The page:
A Comparison of Personal Sound Amplification Products and Hearing Aids in Ecologically Relevant Test Environments Purpose The aim of this study was to compare the benefit of self-adjusted personal sound amplification products (PSAPs) to audiologist-fitted hearing aids based on speech recognition, listening effort, and sound quality in ecologically relevant test conditions to estimate real-world effectiveness. Method Twenty-five older adults with bilateral mild-to-moderate hearing ... Research Article
Newly Published
Research Article  |   September 18, 2018
A Comparison of Personal Sound Amplification Products and Hearing Aids in Ecologically Relevant Test Environments
 
Author Affiliations & Notes
  • Lisa Brody
    Department of Communication Sciences and Disorders, University of Iowa, Iowa City
  • Yu-Hsiang Wu
    Department of Communication Sciences and Disorders, University of Iowa, Iowa City
  • Elizabeth Stangl
    Department of Communication Sciences and Disorders, University of Iowa, Iowa City
  • Disclosure: The authors have declared that no competing interests existed at the time of publication.
    Disclosure: The authors have declared that no competing interests existed at the time of publication. ×
  • Correspondence to Yu-Hsiang Wu: yu-hsiang-wu@uiowa.edu
  • Editor-in-Chief: Sumitrajit (Sumit) Dhar
    Editor-in-Chief: Sumitrajit (Sumit) Dhar×
  • Editor: Ryan McCreery
    Editor: Ryan McCreery×
Article Information
Hearing Aids, Cochlear Implants & Assistive Technology / Newly Published / Research Article
Research Article   |   September 18, 2018
A Comparison of Personal Sound Amplification Products and Hearing Aids in Ecologically Relevant Test Environments
American Journal of Audiology, Newly Published. doi:10.1044/2018_AJA-18-0027
History: Received February 2, 2018 , Revised April 5, 2018 , Accepted June 13, 2018
 
American Journal of Audiology, Newly Published. doi:10.1044/2018_AJA-18-0027
History: Received February 2, 2018; Revised April 5, 2018; Accepted June 13, 2018

Purpose The aim of this study was to compare the benefit of self-adjusted personal sound amplification products (PSAPs) to audiologist-fitted hearing aids based on speech recognition, listening effort, and sound quality in ecologically relevant test conditions to estimate real-world effectiveness.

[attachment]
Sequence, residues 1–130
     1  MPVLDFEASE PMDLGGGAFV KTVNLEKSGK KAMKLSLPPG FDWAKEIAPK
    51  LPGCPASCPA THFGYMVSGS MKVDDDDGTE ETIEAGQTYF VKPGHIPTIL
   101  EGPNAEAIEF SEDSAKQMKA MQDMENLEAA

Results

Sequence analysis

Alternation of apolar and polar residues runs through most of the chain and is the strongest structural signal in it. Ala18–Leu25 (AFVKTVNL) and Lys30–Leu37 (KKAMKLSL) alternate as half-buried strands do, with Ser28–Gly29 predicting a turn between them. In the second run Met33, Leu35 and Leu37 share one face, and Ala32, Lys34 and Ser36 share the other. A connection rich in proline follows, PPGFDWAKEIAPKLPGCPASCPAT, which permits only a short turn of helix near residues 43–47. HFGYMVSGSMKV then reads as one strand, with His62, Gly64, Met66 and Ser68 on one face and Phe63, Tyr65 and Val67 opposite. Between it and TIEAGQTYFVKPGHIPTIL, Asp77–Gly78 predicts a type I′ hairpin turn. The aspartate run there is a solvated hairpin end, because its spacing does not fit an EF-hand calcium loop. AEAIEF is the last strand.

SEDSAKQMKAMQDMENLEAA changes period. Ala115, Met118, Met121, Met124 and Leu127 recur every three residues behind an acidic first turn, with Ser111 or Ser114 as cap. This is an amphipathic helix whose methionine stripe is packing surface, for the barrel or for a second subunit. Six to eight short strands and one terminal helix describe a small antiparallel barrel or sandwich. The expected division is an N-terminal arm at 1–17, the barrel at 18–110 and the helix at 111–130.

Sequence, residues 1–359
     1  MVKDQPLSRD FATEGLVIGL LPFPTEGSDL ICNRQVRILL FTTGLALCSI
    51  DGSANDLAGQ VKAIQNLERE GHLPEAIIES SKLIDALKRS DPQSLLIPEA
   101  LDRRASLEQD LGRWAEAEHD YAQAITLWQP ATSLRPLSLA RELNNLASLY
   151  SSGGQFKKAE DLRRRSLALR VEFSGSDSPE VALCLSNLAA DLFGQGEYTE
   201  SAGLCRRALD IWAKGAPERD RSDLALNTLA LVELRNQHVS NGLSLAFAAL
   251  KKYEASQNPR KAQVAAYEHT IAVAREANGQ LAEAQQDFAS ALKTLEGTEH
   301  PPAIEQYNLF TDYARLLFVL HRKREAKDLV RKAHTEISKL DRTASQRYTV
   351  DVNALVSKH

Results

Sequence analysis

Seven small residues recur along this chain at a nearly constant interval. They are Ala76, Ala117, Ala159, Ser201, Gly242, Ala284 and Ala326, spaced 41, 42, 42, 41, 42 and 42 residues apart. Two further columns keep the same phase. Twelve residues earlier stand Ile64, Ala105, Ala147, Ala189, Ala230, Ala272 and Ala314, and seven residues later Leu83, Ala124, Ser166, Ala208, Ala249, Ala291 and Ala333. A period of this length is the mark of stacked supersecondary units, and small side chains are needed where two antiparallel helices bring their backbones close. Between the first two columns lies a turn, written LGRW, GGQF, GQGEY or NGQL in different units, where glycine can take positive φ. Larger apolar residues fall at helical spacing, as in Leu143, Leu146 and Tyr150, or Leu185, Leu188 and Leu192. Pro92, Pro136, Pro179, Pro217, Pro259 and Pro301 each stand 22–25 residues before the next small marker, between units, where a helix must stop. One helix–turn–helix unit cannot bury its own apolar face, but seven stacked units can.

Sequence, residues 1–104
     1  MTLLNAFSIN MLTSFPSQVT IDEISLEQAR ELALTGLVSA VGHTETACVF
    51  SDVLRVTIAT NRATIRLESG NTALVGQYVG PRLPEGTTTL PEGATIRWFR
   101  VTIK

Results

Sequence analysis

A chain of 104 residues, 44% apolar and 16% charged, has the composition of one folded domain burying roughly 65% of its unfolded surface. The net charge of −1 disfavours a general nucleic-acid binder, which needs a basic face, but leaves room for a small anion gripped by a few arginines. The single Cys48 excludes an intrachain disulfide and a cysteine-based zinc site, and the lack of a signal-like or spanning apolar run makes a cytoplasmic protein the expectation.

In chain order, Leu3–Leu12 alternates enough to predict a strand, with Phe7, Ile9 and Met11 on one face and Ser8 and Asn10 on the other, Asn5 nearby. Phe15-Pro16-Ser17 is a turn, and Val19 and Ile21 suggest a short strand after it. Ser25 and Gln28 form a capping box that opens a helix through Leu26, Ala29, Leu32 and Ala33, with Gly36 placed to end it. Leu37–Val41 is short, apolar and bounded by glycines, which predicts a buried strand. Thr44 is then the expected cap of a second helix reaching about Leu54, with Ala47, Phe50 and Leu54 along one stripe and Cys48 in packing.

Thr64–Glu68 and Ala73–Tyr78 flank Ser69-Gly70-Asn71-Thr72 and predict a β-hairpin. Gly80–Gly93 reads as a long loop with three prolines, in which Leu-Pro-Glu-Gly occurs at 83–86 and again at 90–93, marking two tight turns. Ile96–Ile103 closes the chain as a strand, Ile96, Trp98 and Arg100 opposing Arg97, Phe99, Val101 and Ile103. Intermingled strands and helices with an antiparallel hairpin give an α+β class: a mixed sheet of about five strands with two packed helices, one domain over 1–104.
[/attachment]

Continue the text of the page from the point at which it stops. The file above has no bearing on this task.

Method Twenty-five older adults with bilateral mild-to-moderate hearing loss completed the single-blinded, crossover study. Participants underwent aided testing using 3 PSAPs and a traditional hearing aid, as well as unaided testing. PSAPs were adjusted based on participant preference, whereas the hearing aid was configured using best-practice verification protocols. Audibility provided by the devices was quantified using the Speech Intelligibility Index (American National Standards Institute, 2012). Outcome measures assessing speech recognition, listening effort, and sound quality were administered in ecologically relevant laboratory conditions designed to represent real-world speech listening situations.

Results All devices significantly improved Speech Intelligibility Index compared to unaided listening, with the hearing aid providing more audibility than all PSAPs. Results further revealed that, in general, the hearing aid improved speech recognition performance and reduced listening effort significantly more than all PSAPs. Few differences in sound quality were observed between devices. All PSAPs improved speech recognition and listening effort compared to unaided testing.

Conclusions Hearing aids fitted using best-practice verification protocols were capable of providing more aided audibility, better speech recognition performance, and lower listening effort compared to the PSAPs tested in the current study. Differences in sound quality between the devices were minimal. However, because all PSAPs tested in the study significantly improved participants' speech recognition performance and reduced listening effort compared to unaided listening, PSAPs could serve as a budget-friendly option for those who cannot afford traditional amplification.

Acknowledgments
This work was supported in part by a grant awarded to Yu-Hsiang Wu from the Retirement Research Foundation.
Portions of this paper were presented at the annual meeting of the American Auditory Society, March, 2017, Scottsdale, Arizona, USA, and the annual meeting of the Iowa Speech and Hearing Association, October, 2017, Des Moines, Iowa, USA.
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